Rosanna Masiola - Università per Stranieri di Perugia
Intervento di chiusura
Paolo Taticchi - Imperial College Business School, London UK
Rajini Sarma Balachandran Bio
Rajini Sarma Balachandran is the co-founder and designer of Jari the Sari Studio. The purpose was to uplift the Kanchepuram sari tradition through design intervention and reinvention of new and old design motifs within the parameter of tradition. As a pravasi returning home after a long sojourn abroad, Rajini chose this as the venue to discover and understand the core of India-its history, its aesthetics, symbols, color, legends, village traditions and culture. The aim of Jari is to be the intellectual interface between the weaver and the high fashion industry so that the Kancheepuram sari continues to reign supreme as the queen of silks forever.
Rajini is a Ph.D in Political science from New York University and has received the Frederick Hartmann award and Taraknath Das award for papers related to her thesis on the Cultural and temporal domain of Balance of power theory. She has presented papers in international forums and conferences on war, conflict, alliances, military commander queens and myths of motherhood. She is also an artist who has received her training in New York Studio School, Parsons School of Design and Arts Student League of New York. Her paintings have been exhibited in venues including New Century Artist in Chelsea and Howland Cultural Center and the UN Permanent Mission in New York; and Monmouth Arts Council, Asian Arts Visual Exhibition held by four cultural institutions of Rutgers University and in Wetherhill Historic center in New Jersey. Her artwork ranges from oil paintings to frescoes to mono-prints, etchings woodcuts to encaustic, old methods and techniques of classical European masters to quilting, stained glass and photography. Rajini has served as a member of the Advisory Council to the Governor of New Jersey on Asian- American affairs and New Jersey State Council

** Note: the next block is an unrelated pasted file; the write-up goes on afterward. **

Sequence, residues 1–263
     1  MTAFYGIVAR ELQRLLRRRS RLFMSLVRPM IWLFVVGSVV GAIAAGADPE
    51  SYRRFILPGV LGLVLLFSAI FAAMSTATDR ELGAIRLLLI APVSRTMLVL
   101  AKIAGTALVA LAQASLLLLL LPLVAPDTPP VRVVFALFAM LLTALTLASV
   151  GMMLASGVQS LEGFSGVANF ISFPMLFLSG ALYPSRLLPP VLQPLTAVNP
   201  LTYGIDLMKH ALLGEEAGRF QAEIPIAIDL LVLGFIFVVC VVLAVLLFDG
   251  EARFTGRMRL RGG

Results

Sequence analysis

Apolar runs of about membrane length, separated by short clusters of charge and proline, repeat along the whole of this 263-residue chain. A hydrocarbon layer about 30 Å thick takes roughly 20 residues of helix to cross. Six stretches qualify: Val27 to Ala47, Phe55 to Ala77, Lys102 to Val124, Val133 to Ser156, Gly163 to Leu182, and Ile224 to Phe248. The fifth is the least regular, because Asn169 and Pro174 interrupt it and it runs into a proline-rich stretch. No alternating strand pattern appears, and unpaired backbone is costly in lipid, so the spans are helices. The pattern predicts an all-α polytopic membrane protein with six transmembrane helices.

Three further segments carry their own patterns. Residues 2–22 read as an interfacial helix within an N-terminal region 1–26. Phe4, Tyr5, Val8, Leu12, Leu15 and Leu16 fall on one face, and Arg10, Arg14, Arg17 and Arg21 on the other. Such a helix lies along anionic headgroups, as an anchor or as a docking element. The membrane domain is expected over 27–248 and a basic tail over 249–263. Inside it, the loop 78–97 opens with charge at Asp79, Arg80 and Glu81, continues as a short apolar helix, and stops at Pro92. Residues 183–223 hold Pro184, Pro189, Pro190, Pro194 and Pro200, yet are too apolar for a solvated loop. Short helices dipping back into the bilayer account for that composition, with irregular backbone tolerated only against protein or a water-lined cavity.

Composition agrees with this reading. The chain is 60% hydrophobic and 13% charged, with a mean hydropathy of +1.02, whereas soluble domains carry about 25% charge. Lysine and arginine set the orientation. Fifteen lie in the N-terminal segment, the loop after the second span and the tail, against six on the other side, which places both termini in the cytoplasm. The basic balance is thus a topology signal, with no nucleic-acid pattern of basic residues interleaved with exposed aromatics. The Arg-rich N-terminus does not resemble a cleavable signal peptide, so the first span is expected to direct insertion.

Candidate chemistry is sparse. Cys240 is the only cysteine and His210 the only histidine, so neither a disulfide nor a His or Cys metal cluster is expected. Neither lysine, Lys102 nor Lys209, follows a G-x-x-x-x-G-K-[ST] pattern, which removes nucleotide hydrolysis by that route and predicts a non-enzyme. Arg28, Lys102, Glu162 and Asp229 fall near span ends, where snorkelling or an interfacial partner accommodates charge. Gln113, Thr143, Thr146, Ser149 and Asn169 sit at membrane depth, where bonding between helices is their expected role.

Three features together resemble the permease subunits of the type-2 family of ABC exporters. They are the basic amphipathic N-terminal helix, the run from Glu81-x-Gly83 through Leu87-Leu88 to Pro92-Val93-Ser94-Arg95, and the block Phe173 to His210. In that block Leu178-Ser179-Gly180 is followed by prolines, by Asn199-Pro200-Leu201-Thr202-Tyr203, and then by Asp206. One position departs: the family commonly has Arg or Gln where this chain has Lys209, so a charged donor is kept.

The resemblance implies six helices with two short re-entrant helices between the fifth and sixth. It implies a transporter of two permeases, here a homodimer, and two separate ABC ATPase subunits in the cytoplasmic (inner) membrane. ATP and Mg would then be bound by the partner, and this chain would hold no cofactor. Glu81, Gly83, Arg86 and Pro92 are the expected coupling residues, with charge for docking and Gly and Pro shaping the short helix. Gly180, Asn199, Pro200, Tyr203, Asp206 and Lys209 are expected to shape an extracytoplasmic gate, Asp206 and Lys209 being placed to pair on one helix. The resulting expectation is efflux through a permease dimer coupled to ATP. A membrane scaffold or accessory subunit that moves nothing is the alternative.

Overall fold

Art, Fashion and Weave. The Enchanting Narrative of the Kanchipuram Sari Rajini Sarma Balachandran (Abstract)
The sari is India’s most iconic garment and is flourishing when most of the world has adapted to western style clothing. The woven journey of the sari goes back to the Indus Valley civilization about 5000 years ago. Each region in India has its own sari draping style and method of weave and loom construction.
The Kanchipuram handcrafted sari with its rich tapestry of designs and motifs is known for its restrained beauty and classicism. The silk weave is very original and unique to this sari tradition of South India and its design repertoire reflects the ethos and culture of Tamilians of Tamil Nadu state of India. The weavers’ patterns are steeped in symbolism and mythology and are drawn from the sculpture and architecture of the temples.
Kanchipuram is a city of thousand temples and is often playfully referred to as the playground of the gods. The weaver approaches his craft with the same devotion and passion of any other artist in painting, dance or music. Wealth, power and religious devotion are all expressed through textiles. Tradition, culture and heritage are not static concepts but reflect changes within its society. Civilizations exchange luxury items and creative ideas influence each other. The story of this wondrous silk fiber of India is almost an epic with looms running continuously for 5000 years. Written testaments to the quality, quantity and variety are scattered all over old written testaments. In fact the elder Pliny writes in 1st c A.D. that the value of imports of luxury items including textiles was 100 million sesterces, more than 200, 000 Euros in those times! Pliny complained that India is draining Rome of gold.
In spite of the threat posed by the power loom technology to the handcrafted sari tradition, India continues to make an impact on fashion designers from Germana Marucelli to Gianni Versace to Louis Vuitton to Christian Dior to Hermes and so on. India’s Sari has travelled from local to global because of its versatility and adaptability to new interpretations. The encounter with the sari in fashion design is expanding, as the world is growing small with mass migration and electronic mediation. The experience of the sari’s narrative from then to now is pure magic.